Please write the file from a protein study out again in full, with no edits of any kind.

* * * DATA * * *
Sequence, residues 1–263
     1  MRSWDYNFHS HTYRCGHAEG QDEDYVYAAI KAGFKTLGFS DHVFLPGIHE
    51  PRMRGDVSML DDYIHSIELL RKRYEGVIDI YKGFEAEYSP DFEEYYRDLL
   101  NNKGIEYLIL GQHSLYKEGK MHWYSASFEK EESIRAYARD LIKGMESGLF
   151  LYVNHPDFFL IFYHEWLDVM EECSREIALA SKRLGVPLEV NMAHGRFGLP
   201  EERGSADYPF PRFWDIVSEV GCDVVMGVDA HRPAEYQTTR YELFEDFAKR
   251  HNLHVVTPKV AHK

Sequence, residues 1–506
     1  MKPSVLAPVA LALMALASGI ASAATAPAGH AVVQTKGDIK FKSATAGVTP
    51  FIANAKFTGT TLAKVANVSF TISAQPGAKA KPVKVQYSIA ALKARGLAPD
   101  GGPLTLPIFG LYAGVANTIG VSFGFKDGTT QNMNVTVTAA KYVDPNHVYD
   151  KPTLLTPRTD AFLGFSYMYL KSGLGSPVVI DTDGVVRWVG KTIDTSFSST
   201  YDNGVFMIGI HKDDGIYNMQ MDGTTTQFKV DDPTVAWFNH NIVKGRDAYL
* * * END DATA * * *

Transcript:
Sequence, residues 1–263
     1  MRSWDYNFHS HTYRCGHAEG QDEDYVYAAI KAGFKTLGFS DHVFLPGIHE
    51  PRMRGDVSML DDYIHSIELL RKRYEGVIDI YKGFEAEYSP DFEEYYRDLL
   101  NNKGIEYLIL GQHSLYKEGK MHWYSASFEK EESIRAYARD LIKGMESGLF
   151  LYVNHPDFFL IFYHEWLDVM EECSREIALA SKRLGVPLEV NMAHGRFGLP
   201  EERGSADYPF PRFWDIVSEV GCDVVMGVDA HRPAEYQTTR YELFEDFAKR
   251  HNLHVVTPKV AHK

Sequence, residues 1–506
     1  MKPSVLAPVA LALMALASGI ASAATAPAGH AVVQTKGDIK FKSATAGVTP
    51  FIANAKFTGT TLAKVANVSF TISAQPGAKA KPVKVQYSIA ALKARGLAPD
   101  GGPLTLPIFG LYAGVANTIG VSFGFKDGTT QNMNVTVTAA KYVDPNHVYD
   151  KPTLLTPRTD AFLGFSYMYL KSGLGSPVVI DTDGVVRWVG KTIDTSFSST
   201  YDNGVFMIGI HKDDGIYNMQ MDGTTTQFKV DDPTVAWFNH NIVKGRDAYL